Investigation finds airport PFAS contamination has not spread

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Toxic chemicals contaminating the Army Aviation Support Facility at Abrams Airfield have not spread to surrounding residential wells, according to testing conducted over the summer by the Michigan Army National Guard and Grand Ledge city officials.

The guard initiated the investigation last year after random sampling indicated the presence of a group of chemicals known as PFAS at the facility. The chemicals were found at levels over nine times the maximum contamination level set by the Michigan Department of Environment, Great Lakes and Energy.

The department has been working with the guard since the initial investigations and has classified the Grand Ledge facility as an official PFAS investigation site. PFAS stands for perfluoroalkyl and polyfluoroalkyl substances, a group of potentially harmful chemicals used in a wide variety of household products and industrial processes

“EGLE staff conduct routine monitoring of rivers and lakes, and if a sample exceeds water quality standards, staff work upstream until they find the site contributing to the PFAS,” said Scott Dean, a spokesman for the department’s PFAS Action Response Team “EGLE is committed to continuing to do all of these types of sampling efforts.”

Specific PFAS chemicals found at the site include PFOA and PFOS. They are believed to come from an aircraft fire retardant that was used by a guard firefighting unit that was disbanded in the early 1990s, according to EGLE.

PFAS, which is believed by some to cause long-term health complications, has been classified as a possible human carcinogen by the Environmental Protection Agency, which cites a need for more research to prove a definitive link between PFAS and specific health risks.

Limited studies on animals and humans have found a possible link between PFAS contamination and both kidney and testicular cancer, higher cholesterol, and complications for pregnant women, along with a variety of other symptoms, according to the Agency for Toxic Substances and Disease Registry.

Earlier this month, a woman in Belmont, Michigan, was diagnosed with cancer after a test found her blood contained the highest level of PFAS concentrations ever recorded in a human, according to WOOD-TV. She and her husband, who died four years ago from liver cancer, lived across from a PFAS-contaminated site also being investigated by EGLE.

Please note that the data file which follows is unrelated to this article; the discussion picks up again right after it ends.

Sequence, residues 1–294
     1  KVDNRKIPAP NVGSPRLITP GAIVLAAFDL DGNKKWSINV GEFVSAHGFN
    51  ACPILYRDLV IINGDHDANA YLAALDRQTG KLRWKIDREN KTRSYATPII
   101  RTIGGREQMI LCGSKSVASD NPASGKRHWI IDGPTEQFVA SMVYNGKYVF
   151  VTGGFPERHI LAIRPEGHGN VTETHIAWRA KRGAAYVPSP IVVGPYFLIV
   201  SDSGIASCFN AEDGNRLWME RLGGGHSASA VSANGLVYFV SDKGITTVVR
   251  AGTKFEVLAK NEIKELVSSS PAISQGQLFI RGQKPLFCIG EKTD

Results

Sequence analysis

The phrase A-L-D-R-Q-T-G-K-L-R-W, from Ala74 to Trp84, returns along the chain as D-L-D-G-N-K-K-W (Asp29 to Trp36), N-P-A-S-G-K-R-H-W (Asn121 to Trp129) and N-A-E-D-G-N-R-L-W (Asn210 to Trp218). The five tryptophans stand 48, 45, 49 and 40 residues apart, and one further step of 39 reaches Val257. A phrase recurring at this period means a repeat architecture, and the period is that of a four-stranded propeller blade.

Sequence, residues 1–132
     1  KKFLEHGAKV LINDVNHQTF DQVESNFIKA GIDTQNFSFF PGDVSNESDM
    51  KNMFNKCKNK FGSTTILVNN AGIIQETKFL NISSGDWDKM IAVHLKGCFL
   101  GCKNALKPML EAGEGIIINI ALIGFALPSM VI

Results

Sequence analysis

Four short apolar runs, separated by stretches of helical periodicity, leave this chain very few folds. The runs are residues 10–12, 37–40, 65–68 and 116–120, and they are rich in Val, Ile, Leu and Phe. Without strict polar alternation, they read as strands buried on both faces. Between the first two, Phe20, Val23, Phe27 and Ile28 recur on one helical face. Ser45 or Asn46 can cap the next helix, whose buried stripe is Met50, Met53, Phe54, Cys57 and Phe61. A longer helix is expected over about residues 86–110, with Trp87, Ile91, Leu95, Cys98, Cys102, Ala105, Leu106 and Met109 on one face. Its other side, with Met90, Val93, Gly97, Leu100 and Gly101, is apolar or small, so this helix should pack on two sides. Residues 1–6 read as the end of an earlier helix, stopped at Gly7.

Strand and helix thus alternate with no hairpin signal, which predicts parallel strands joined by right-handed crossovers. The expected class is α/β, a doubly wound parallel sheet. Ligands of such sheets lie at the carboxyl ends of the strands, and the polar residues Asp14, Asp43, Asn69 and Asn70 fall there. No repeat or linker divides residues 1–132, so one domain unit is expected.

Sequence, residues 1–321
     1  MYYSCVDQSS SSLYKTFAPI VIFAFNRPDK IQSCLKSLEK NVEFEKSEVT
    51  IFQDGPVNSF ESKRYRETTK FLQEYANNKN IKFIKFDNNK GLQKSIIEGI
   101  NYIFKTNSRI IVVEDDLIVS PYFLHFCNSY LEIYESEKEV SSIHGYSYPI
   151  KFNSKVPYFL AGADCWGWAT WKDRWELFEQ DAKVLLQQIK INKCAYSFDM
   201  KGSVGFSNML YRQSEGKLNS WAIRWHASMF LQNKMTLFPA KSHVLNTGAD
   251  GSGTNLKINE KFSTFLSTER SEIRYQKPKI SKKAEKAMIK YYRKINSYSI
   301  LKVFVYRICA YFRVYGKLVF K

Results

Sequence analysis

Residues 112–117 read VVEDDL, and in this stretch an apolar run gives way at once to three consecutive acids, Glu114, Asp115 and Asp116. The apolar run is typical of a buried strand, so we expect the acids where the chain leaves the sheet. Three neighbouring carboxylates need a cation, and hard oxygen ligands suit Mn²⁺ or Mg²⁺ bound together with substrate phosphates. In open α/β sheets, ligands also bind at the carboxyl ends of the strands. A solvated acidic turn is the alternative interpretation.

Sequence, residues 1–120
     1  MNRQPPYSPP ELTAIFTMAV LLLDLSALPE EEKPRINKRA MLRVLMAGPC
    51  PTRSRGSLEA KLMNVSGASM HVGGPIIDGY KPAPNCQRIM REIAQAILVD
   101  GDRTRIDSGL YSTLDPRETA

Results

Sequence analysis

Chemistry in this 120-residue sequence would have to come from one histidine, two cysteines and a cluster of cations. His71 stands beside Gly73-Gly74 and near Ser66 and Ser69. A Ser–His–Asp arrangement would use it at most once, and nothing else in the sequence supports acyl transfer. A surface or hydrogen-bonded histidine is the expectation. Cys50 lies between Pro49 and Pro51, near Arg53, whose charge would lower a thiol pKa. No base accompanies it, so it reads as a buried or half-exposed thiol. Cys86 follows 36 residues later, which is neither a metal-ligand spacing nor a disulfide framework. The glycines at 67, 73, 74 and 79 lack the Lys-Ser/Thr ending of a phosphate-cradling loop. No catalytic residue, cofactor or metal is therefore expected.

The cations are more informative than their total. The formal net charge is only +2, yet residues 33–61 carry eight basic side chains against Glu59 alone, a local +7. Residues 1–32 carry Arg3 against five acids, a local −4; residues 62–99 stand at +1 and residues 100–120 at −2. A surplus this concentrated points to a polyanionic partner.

Assistant Airport Manager Amee King said reports like this have caused local officials in Grand Ledge to keep a close eye on the contamination issue

“We have private wells out there that we have been testing,” King said. “Our latest test came back non-detect for the second time.”

The 2019 Grand Ledge city water report also indicated that PFAS was “not detectable” in samples taken from the municipal filtration plant located along the Grand River.

The results have helped to settle fears for now.

“The National Guard has taken care of the rest of the residential testing,” King said. “I wouldn’t go as far as saying I’m concerned.

“As long as our wells are being tested and they are clear, we should be fine.”

In a press release issued about the most recent testing, the director of the Michigan Department of Military and Veteran Affairs, Maj. Gen. Paul Rogers said: “The results of this sampling are good news. The Michigan National Guard remains committed to maintaining readiness while protecting Michiganders and the environment, with a special emphasis on protecting Michigan’s water.” 

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